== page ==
Institutional members access full text with Ovid®

Share this article on:

Relationship of Neural Axis Level of Injury to Motor Recovery and Health-Related Quality of Life in Patients with a Thoracolumbar Spinal Injury

Kingwell, Stephen P. MD, FRCS(C); Noonan, Vanessa K. MSc; Fisher, Charles G. MD, MHSc, FRCS(C); Graeb, Douglas A. MD, FRCP(C); Keynan, Ory MD; Zhang, Hongbin MSc; Dvorak, Marcel F. MD, FRCS(C)

Journal of Bone & Joint Surgery - American Volume: 7 July 2010 - Volume 92 - Issue 7 - p 1591–1599
doi: 10.2106/JBJS.I.00512
Scientific Articles

Background: Outcomes following traumatic conus medullaris and cauda equina injuries are typically predicted on the basis of the vertebral level of injury. This may be misleading as it is based on the assumption that the conus medullaris terminates at L1 despite its variable location. Our primary objective was to determine whether the neural axis level of injury (the spinal cord, conus medullaris, or cauda equina) as determined with magnetic resonance imaging is better than the vertebral level of injury for prediction of motor improvement in patients with a neurological deficit secondary to a thoracolumbar spinal injury.

Methods: Patients diagnosed with a motor deficit secondary to a thoracolumbar spinal injury, and who met the inclusion criteria, were contacted. Each patient had a magnetic resonance imaging scan that was reviewed by a spine surgeon and a neuroradiologist to determine the termination of the conus medullaris and the neural axis level of injury. Patient demographic data were collected prospectively at the time of admission. Admission and follow-up neurological assessments were performed by formally trained dedicated spine physiotherapists.

Results: Fifty-one patients were evaluated at a median of 6.2 years (range, 2.7 to 12.3 years) postinjury. The final motor scores differed significantly according to whether the patient had a spinal cord injury (mean, 62.8 points; 95% confidence interval, 55.4 to 70.2), conus medullaris injury (mean, 78.6 points; 95% confidence interval, 70.3 to 86.9), or cauda equina injury (mean, 88.8 points; 95% confidence interval, 78.9 to 98.7) (p = 0.0007). A univariate analysis showed the improvement in the motor scores after the cauda equina injuries (mean, 17.1 points; 95% confidence interval, 8.3 to 25.9) to be significantly greater than that after the spinal cord injuries (mean, 7.7 points; 95% confidence interval, 3.1 to 12.3) (p = 0.03). A multivariate analysis showed that an absence of initial sacral sensation had a negative effect on motor recovery by a factor of 13.2 points (95% confidence interval, 4.2 to 22.1). When compared with classifying our patients on the basis of the neural axis level of injury, reclassifying them on the basis of the vertebral level of injury resulted in a misclassification rate of 33%.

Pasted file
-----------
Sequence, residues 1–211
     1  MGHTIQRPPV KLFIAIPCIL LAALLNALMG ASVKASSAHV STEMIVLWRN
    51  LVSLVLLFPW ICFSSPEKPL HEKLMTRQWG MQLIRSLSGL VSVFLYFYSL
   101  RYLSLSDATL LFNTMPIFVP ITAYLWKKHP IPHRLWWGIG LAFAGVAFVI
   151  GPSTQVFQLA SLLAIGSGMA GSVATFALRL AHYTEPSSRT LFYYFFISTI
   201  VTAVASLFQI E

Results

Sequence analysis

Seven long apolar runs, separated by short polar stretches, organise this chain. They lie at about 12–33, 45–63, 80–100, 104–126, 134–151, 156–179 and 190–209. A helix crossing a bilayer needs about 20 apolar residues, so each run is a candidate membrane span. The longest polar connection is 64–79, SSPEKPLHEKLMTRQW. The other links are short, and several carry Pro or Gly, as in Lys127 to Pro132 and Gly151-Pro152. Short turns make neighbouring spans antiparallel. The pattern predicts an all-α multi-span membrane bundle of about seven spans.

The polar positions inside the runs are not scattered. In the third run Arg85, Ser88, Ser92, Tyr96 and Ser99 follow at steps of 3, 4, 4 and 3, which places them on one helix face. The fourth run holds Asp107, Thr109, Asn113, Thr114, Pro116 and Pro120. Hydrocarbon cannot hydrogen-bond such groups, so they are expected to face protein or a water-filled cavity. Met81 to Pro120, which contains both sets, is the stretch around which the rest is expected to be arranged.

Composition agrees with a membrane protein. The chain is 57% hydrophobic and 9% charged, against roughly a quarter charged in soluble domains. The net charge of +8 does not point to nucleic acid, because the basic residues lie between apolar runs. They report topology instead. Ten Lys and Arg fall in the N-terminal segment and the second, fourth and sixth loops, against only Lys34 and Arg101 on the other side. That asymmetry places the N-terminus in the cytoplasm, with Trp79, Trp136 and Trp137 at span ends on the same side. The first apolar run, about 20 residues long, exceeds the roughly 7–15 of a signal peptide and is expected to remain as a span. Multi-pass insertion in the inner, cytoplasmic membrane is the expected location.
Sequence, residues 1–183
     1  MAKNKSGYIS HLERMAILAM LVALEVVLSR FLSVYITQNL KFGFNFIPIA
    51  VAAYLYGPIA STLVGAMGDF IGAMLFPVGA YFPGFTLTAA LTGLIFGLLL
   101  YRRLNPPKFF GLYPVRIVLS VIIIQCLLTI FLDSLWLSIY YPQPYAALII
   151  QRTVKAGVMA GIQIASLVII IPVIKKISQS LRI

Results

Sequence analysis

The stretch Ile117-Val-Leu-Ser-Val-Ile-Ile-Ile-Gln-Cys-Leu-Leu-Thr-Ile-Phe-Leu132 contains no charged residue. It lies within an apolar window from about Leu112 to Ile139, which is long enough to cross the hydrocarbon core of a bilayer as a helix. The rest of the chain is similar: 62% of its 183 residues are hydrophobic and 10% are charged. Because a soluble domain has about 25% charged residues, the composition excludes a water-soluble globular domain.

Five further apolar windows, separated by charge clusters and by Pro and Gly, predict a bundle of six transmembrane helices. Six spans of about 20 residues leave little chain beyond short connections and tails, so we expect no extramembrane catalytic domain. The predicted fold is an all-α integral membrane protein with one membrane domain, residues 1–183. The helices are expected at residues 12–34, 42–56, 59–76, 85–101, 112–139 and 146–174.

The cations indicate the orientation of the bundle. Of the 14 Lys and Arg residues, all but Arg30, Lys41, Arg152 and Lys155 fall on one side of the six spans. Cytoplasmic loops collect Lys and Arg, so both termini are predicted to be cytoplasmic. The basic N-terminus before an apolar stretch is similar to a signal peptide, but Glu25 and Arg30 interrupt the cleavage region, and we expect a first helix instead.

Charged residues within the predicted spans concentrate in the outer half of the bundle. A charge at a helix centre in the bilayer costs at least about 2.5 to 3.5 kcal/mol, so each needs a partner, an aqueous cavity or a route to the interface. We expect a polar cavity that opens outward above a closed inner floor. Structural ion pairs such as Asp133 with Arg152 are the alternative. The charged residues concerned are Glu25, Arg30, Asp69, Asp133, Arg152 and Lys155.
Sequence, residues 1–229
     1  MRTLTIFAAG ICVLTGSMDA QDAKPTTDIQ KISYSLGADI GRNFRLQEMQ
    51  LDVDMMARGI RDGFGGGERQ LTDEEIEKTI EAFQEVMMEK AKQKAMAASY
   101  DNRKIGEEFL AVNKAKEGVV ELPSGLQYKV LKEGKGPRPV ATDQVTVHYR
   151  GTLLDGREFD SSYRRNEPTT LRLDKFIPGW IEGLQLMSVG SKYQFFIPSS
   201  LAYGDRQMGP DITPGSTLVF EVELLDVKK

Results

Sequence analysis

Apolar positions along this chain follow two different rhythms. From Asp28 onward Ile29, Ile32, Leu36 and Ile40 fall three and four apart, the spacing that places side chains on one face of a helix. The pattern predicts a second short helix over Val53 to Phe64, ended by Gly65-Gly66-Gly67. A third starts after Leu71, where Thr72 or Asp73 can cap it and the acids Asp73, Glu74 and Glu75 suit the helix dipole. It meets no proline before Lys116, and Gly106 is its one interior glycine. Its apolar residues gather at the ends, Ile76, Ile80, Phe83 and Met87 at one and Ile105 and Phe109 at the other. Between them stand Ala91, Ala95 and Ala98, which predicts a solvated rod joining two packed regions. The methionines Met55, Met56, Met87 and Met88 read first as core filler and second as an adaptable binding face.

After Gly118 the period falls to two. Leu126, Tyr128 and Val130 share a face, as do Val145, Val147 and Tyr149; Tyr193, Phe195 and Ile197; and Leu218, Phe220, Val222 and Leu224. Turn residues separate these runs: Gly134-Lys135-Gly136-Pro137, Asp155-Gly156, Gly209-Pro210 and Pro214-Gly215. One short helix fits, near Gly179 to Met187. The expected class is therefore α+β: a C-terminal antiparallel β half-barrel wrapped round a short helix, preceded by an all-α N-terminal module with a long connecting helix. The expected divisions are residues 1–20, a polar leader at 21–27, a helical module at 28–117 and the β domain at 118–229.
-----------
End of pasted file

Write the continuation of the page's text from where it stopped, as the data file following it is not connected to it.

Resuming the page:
Conclusions: The motor recovery of patients with a thoracolumbar spinal injury and a neurological deficit is affected by both the neural axis level of injury as well as the initial motor score. The results of this study can help the clinician to determine a prognosis for patients who sustain these common injuries provided that he or she evaluates the precise level of neural axis injury utilizing magnetic resonance imaging.

Level of Evidence: Prognostic Level II. See Instructions to Authors for a complete description of levels of evidence.

1Division of Spine, Department of Orthopaedics, University of British Columbia, Room 6180, Blusson Spinal Cord Centre, 6th Floor, 818 West 10th Avenue, Vancouver, BC V5Z 1M9, Canada. E-mail address for M.F. Dvorak:

2Department of Radiology, Vancouver General Hospital, 899 12th Avenue West, Vancouver, BC V5Z 1M9, Canada

3Department of Orthopaedics “B,” Tel Aviv Sourasky Medical Center, 6 Weitzman Street, Tel Aviv 64239, Israel

A commentary by Laurence B. Kempton, MD, and Harry N. Herkowitz, MD, is available at and as supplemental material to the online version of this article.

Copyright 2010 by The Journal of Bone and Joint Surgery, Incorporated
You currently do not have access to this article

To access this article: